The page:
“The other fundraisers we do, such as the Hiawatha rental and other public fundraising events, have not been possible due to COVID,” he said.
Another fundraiser, Loner, said the organization had missed due to the pandemic was the annual Frostbite 5-Mile Run and 5K Walk, which returns this year to DuBoistown on December 12 at 1 p.m.
“We start by the fire station over there in DuBoistown, and we make our way through Mosquito Valley… to the water filtration plant and we turn around, come back and end up the Valley Inn. It’s a 5 mile run and then there’s a 5 mile walk as well. So there are two events happening at the same time.
This year, participants can take part in the race either on official race day or virtually at any time they wish. Those who register for the race, whether in person or virtually, will receive a long-sleeved t-shirt, and those who register to participate the same day will automatically be eligible for door prizes which will be awarded at the end. of the event. .
As pandemic restrictions continue to ease across the country, Loner says he’s happy to see in-person events return for athletes.
“Although Special Olympics is a sports organization, a lot of the people who participate in it do so for the camaraderie with other athletes and they miss it. “ Solitaire said. “We’re happy to be able to get back to it in person. “
Loner also says that while restrictions are starting to ease, event coordinators are taking all necessary precautions to ensure the safety of their athletes and volunteers.
“We take all possible precautions” he said. “We are necessary with social distancing, we wear a mask if we are required… the state does a good job of trying to protect everyone so that we can continue to function. “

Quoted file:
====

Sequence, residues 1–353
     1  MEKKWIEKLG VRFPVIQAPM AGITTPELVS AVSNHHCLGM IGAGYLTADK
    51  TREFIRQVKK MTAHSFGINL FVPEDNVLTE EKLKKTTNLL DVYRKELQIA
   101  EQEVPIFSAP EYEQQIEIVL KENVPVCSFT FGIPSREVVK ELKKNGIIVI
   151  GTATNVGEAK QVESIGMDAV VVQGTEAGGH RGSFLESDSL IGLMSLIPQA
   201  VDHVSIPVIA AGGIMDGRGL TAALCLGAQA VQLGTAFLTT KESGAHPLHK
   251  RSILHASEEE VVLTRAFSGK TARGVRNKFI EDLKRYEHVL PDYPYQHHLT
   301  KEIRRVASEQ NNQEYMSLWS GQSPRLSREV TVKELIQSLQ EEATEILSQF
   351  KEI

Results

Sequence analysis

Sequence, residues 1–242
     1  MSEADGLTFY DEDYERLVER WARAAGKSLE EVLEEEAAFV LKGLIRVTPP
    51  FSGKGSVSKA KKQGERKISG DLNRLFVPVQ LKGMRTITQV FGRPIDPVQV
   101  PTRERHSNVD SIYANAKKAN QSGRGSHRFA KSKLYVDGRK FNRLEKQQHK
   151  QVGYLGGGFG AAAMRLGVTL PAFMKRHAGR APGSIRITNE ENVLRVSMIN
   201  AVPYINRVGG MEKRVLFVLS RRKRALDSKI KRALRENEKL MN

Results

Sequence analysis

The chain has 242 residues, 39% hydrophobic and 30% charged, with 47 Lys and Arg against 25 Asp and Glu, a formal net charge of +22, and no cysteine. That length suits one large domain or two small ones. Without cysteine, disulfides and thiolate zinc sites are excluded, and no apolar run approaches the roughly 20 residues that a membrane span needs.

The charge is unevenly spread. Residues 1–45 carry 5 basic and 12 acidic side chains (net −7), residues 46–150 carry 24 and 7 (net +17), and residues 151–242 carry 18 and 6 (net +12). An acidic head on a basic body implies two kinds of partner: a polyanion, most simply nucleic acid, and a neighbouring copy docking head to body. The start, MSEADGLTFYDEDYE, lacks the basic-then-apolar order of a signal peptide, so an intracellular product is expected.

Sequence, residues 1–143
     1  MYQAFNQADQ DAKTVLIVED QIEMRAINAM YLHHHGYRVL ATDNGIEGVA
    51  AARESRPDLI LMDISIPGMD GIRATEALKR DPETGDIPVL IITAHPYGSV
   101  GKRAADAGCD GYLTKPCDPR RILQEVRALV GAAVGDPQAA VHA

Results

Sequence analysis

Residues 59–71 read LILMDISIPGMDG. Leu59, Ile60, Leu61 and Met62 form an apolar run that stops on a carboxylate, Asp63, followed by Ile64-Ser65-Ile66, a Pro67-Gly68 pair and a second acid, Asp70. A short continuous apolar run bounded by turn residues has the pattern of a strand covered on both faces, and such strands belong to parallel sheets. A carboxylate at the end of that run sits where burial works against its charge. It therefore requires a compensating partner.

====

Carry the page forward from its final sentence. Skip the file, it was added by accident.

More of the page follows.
In addition to returning to life in person, local Special Olympics athletes were also recently featured on a River Valley Transit bus, showcasing their accomplishments and helping to raise awareness of their cause.
And there is no doubt that the athletes are also excited to return to the field and get back into the mix, with many noticing how much they value the friendships and camaraderie they have found as members of their Olympic teams. respective specials.
“My favorite sports are soccer, basketball and bowling. I like being part of a team, being surrounded by other athletes and having fun ”, said athlete Neil Schweikart.
The sentiment was echoed by fellow local athlete Ryan Kenney, who said his favorite sport to play was soccer and, “I love going to competitions, winning medals, being with my friends on the team and encouraging them to do their best.
Those interested in volunteering or who might be interested in participating in the activities organized by the Lycoming County Special Olympics can get in touch with the event organizers in a variety of ways, including on Facebook or through the Games website. Lycoming County Special Olympics.
Loner can be reached by email at [email protected] or by phone at 570-433-1765.
“We are always looking for volunteers, like any other service organization”, he said. “Even more, with COVID. “